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The Small Detail In Turning Red That Has Fans Buzzing About Representation

The newest Disney Pixar film "Turning Red," directed by Domee Shi and co-written by Shi and Julia Cho, is making its way to Disney+ on March 11, 2022. The film follows Meilin "Mei" Lee (Rosalie Chiang), a 13-year-old Chinese-Canadian girl who finds herself suddenly turning into a giant red panda when she gets too excited, scared, or angry, due to a curse that runs through her family. From then on, she must learn to deal with the transformation, which returns her to her normal state when she calms down or experiences an overwhelming strong emotion.

"Turning Red" is a major step forward in terms of representation for Disney Pixar. It is the first full-length Pixar film to feature an Asian protagonist (Russell in "Up" is Asian-American, but is clearly the secondary character to Carl), as well as the first to focus on mostly Asian characters (via Nerds of Color). It is also the first to be directed by a woman of color — and Shi is the first woman to direct a Pixar feature film on her own. Shi had previously written and directed the Pixar short film "Bao," which also placed focus on Asian characters and the Asian community; "Bao" ultimately won the Oscar for best animated short film.

Further, it turns out that the representation within "Turning Red" goes beyond its Asian characters, as eagle-eyed viewers have spotted a detail within the film that has them buzzing.

Turning Red features a diabetic character

Recently, a fan, u/Scorch8482, took to Reddit to post a screenshot of the trailer for "Turning Red," in which a surprised classmate spots Mei in her panda form. On the classmate's arm, you can see that she is wearing a Dexcom, which is a device worn on the skin that monitors glucose for individuals with diabetes. The poster wrote, "Is that what I think it is?" Another user, u/dariamorgandorfferr, promptly responded, "It is! There's another trailer that came out a few months ago that gives a clearer look. We love the diabetic rep."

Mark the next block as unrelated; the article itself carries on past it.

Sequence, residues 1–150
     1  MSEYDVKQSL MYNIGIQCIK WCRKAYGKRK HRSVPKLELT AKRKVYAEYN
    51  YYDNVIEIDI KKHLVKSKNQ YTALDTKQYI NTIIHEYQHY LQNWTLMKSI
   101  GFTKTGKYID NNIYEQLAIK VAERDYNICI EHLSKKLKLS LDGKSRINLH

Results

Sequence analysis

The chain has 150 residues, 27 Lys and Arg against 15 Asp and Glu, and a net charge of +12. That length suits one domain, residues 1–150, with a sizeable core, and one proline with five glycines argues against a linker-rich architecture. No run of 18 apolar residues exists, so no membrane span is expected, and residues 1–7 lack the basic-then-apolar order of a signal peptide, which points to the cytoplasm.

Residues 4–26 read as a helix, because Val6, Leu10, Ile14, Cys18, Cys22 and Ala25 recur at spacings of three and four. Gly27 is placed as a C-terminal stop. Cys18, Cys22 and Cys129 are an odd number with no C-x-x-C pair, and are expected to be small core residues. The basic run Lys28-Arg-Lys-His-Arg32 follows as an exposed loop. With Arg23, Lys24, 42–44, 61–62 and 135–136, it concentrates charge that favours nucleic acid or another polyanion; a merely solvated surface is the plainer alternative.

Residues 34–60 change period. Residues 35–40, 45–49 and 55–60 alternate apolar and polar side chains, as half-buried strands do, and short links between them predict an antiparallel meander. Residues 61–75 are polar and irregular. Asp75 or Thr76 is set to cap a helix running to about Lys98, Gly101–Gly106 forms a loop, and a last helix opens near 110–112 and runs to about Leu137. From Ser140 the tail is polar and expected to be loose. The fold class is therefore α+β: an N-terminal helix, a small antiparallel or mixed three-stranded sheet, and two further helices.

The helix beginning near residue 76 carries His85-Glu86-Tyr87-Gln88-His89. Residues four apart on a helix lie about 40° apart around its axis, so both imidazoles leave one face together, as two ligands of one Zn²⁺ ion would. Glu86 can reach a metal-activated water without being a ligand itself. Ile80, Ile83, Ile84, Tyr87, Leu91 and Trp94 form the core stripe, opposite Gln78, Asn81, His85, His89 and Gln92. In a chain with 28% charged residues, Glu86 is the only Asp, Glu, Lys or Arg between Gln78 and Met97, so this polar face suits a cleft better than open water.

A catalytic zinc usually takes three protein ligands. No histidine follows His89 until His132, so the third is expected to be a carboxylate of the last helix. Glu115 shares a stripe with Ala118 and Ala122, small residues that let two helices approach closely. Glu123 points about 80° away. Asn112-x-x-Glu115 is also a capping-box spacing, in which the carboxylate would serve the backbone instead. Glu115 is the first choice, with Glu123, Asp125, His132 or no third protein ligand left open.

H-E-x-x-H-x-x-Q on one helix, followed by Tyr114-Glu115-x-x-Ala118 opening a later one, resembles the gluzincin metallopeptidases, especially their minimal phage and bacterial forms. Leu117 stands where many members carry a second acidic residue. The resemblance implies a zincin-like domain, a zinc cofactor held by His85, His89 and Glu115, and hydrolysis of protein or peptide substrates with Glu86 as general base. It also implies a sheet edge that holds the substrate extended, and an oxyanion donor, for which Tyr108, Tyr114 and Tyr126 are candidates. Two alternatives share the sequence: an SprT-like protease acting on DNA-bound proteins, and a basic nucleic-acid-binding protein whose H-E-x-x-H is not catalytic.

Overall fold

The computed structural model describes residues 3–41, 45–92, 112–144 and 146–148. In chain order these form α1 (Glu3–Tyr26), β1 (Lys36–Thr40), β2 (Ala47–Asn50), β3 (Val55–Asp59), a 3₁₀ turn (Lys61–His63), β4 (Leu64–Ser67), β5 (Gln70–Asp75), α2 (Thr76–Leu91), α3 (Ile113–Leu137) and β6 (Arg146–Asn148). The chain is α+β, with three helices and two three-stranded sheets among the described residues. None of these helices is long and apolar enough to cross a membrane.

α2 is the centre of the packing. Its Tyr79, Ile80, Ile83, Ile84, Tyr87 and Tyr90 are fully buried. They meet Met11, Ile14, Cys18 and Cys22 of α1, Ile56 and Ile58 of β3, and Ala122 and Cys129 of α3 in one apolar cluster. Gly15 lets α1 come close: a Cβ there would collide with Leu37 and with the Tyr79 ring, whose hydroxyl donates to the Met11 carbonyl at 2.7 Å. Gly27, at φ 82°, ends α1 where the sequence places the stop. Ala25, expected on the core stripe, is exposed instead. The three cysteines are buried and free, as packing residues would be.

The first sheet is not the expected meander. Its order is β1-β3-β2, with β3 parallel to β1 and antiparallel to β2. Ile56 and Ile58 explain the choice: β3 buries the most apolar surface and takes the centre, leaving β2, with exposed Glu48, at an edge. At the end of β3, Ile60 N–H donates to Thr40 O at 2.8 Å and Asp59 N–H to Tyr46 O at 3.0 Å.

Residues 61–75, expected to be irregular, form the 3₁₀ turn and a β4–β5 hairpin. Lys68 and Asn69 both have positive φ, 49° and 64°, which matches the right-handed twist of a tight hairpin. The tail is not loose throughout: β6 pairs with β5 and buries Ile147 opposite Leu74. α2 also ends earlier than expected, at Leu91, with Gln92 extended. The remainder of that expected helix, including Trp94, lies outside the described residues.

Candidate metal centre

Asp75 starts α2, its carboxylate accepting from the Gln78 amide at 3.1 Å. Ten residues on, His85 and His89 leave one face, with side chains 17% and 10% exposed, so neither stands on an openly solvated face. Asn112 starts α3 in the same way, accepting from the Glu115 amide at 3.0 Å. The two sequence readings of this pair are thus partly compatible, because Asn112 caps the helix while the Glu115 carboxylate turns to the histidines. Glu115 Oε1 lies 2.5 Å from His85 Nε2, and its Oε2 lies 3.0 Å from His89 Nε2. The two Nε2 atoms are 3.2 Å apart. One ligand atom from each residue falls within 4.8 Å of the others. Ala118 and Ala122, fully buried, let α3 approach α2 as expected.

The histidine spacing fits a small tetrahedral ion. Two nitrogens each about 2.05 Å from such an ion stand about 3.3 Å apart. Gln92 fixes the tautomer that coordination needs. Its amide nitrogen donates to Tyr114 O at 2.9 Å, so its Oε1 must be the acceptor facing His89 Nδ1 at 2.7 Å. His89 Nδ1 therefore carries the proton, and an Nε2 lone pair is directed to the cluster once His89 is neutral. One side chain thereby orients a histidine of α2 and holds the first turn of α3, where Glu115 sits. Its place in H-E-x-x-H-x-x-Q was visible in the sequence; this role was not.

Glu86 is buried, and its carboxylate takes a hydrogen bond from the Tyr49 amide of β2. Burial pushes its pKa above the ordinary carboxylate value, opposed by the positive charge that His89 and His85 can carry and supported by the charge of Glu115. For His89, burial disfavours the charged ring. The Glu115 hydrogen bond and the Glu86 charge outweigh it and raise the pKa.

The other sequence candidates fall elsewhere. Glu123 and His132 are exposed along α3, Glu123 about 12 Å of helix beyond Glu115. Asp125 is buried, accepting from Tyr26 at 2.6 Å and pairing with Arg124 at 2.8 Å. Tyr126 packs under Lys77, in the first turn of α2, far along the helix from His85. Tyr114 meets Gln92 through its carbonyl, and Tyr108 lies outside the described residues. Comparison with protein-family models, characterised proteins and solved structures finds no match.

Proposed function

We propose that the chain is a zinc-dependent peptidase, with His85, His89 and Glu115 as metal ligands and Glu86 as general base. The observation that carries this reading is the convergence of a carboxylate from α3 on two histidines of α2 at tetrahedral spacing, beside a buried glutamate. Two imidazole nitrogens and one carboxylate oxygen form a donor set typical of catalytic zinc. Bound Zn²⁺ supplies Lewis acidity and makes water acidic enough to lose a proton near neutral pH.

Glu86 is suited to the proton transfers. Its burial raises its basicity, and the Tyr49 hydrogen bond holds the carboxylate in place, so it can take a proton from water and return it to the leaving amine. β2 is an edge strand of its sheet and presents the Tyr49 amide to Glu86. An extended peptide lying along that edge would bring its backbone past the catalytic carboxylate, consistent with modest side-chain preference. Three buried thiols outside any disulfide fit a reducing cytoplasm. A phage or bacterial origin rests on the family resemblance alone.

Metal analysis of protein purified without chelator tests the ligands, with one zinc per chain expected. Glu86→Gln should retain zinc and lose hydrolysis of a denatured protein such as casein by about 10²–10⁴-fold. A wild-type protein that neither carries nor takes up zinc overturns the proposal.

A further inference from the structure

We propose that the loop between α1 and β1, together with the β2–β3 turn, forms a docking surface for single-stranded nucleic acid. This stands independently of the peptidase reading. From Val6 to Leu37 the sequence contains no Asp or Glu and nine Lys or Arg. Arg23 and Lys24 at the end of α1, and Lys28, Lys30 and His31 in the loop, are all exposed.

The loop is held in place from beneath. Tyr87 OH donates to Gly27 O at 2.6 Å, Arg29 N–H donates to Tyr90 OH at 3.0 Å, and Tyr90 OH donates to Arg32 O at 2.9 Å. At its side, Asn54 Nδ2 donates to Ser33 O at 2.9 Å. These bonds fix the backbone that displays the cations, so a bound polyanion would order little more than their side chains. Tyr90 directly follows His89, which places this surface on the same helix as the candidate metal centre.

Speaking from their own experience, u/ew73 discussed why representation is so important. They wrote, "Growing up, if there had been people with diabetes that weren't the brunt of a joke in media, maybe it would've helped me see that other kids were going through what I was. It may have helped the 'normal' kids develop a little [empathy], and maybe even taught the teachers they didn't need to announce, 'ew73 has diabetes and can't eat sugar!' to the entire class."

Giving another real-world example of why this small detail is so important, u/das_goose wrote, "My two-year old daughter saw the trailer and not only instantly recognized it but was excited that there was a character who had a Dexcom like her."

While it seems that the character wearing the Dexcom will likely be a minor one — she isn't one of Mei's three best friends shown in the trailer — we can't deny that even the small details make a major difference when it comes to representation. We can't wait to see how it all plays out on screen when "Turning Red" premieres.